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Coustellier Bike

3373 Views 29 Replies 12 Participants Last post by  RomanC
Just to let you guys know, the early word on the street is the Coustellier bike is starting production here soon, with the first bikes arriving in the states around the middle of January. Tryall America will be one of the distributors of these elite frames in the United States. Before the importer ships the frames to the states, they would like to get a good idea for the public interest in this frame as well as set up some preorders.

If any of you are interested in purchasing this frame to be delivered in Januray or you have any questions, please contact me at the email address below for more details. Also, to give you an idea of the Coustellier frame's pricepoint, the importer says it will be on par with the Koxx levelboss. Thanks for your time and take care.

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I'm guessing that no one will jump blindly into this Graham, perhaps you could provide us with some specs before we decide (you know I will be looking for a new frame around this time I hope). Geometry specs? Potential Price range? weight? warranty?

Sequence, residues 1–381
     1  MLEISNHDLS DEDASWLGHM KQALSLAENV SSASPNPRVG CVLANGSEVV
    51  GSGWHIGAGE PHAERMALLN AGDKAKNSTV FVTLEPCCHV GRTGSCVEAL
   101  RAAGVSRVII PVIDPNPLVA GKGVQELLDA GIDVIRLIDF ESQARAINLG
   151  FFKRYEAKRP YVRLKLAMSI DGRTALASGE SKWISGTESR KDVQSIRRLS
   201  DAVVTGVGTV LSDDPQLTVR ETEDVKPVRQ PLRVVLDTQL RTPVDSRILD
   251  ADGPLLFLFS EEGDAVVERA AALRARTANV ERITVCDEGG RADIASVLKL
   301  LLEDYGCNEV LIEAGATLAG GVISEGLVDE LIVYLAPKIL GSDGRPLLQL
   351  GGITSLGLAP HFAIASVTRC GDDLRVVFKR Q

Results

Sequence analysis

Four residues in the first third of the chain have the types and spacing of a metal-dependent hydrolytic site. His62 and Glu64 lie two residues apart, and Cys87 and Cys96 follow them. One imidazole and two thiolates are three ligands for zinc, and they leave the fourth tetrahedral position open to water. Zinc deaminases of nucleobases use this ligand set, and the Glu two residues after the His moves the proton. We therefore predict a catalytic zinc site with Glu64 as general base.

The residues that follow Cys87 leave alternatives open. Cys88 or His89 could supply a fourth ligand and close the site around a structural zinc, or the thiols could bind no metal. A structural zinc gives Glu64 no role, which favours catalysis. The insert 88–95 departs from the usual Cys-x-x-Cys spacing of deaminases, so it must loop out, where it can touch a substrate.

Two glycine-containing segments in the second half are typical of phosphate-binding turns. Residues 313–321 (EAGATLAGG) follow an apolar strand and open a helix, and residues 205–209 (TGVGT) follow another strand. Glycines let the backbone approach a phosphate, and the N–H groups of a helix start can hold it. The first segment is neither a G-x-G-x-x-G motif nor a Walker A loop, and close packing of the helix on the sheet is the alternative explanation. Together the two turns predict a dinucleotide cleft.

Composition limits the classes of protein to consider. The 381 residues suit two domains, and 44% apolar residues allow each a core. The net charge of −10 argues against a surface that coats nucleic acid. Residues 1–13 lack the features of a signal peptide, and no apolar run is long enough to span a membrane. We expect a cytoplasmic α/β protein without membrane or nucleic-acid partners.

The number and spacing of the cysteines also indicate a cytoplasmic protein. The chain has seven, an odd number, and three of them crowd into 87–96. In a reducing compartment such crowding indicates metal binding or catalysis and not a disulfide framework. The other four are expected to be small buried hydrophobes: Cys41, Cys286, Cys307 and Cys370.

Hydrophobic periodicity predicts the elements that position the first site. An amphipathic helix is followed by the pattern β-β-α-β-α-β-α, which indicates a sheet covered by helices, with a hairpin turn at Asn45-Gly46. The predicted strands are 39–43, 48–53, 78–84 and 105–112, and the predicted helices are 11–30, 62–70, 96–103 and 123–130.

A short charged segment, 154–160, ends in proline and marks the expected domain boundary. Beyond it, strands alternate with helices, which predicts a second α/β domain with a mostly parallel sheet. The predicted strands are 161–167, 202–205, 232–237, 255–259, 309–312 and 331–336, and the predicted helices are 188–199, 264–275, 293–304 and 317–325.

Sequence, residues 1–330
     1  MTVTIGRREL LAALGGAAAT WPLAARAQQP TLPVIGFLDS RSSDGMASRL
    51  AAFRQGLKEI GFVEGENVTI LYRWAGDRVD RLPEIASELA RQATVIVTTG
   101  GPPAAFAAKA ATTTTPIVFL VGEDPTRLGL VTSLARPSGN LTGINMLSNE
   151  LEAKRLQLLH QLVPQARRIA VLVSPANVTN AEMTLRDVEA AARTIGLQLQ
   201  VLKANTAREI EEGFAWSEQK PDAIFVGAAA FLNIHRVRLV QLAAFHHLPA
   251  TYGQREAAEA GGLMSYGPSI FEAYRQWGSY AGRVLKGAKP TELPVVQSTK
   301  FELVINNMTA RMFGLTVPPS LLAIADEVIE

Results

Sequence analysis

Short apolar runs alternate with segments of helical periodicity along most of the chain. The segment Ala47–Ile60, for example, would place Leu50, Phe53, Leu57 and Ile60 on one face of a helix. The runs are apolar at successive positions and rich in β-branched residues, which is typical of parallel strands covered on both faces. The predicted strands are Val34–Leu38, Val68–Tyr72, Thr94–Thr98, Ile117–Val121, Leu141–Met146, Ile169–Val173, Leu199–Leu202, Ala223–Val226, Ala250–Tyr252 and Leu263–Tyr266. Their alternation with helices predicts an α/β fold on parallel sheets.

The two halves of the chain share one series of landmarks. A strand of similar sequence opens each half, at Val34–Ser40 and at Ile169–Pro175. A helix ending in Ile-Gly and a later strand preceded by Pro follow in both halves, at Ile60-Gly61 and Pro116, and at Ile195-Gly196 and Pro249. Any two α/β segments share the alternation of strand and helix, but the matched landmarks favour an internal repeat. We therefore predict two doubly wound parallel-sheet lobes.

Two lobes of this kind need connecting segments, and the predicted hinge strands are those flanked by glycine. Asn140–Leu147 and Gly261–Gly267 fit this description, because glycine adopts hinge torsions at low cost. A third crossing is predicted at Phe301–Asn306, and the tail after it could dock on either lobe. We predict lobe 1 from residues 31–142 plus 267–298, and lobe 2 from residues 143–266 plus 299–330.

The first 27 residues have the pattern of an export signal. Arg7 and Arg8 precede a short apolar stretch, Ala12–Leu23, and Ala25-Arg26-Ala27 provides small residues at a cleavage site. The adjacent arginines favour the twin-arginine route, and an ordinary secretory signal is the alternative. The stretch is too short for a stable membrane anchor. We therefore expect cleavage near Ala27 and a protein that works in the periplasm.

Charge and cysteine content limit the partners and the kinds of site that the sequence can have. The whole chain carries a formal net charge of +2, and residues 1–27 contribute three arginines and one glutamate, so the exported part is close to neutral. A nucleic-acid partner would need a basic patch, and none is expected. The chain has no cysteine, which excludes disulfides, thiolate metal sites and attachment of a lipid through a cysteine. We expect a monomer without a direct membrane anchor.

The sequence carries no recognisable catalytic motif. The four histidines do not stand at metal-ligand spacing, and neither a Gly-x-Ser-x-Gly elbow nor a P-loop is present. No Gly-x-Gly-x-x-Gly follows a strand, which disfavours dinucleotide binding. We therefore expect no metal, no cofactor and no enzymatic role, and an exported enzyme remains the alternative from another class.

wheelbase- 1060ish. bb height- high, probably zero drop stays- short, around 15 even. standover- more than a mod. weight- beefy but stiff as a mofo.

matt if you are looking into a new bike, this is one to browse at for sure. i cant believe how well this bike rode when i hopped on it. if i were not riding a desalvo (that will kick an equal amount of ass, y'all will see or at least on paper it will) i would absolutely be riding a coustellier about the third week of january. ;)
o yeah, warranty- they were talking about a year and price will be comparable to the koxx bikes. like i said about the weight- you wont care after you do about... well after you build it up and look at it cus it will ride so nice that it will feel pounds lighter than it really is. to give you an idea, my SL desalvo weighed 3.2 pounds for the frame and built into a 21ish pound bike, the coustellier set up for their practice bikes was around 26 pounds... it "rode" lighter and better than my bike.
come on now....I'm trying to CON people. You're screwing up my con. Right now that info is super top secret.....errr maybe not. I should be finding out in the next couple of days here the exact answers to all those questions.

Oh wait, oh wait, this just in. I got a knock at my door just now and low and behold it's biker clause in a one piece hebo lycra suit. He's brought a bag full of answers as well as a bag of, errr, parsely to spread joy and good cheer. Here are his answers.

Weight: "14.7898 kg and that's will the optional keggerator"
Wheelbase: "Kid, if that's anything like freebase, I don't touch"
Chainstays: "Mrs. Clause did that to me once"
Angles: "Well first you walk up to her and say, hey, do you have a brother?"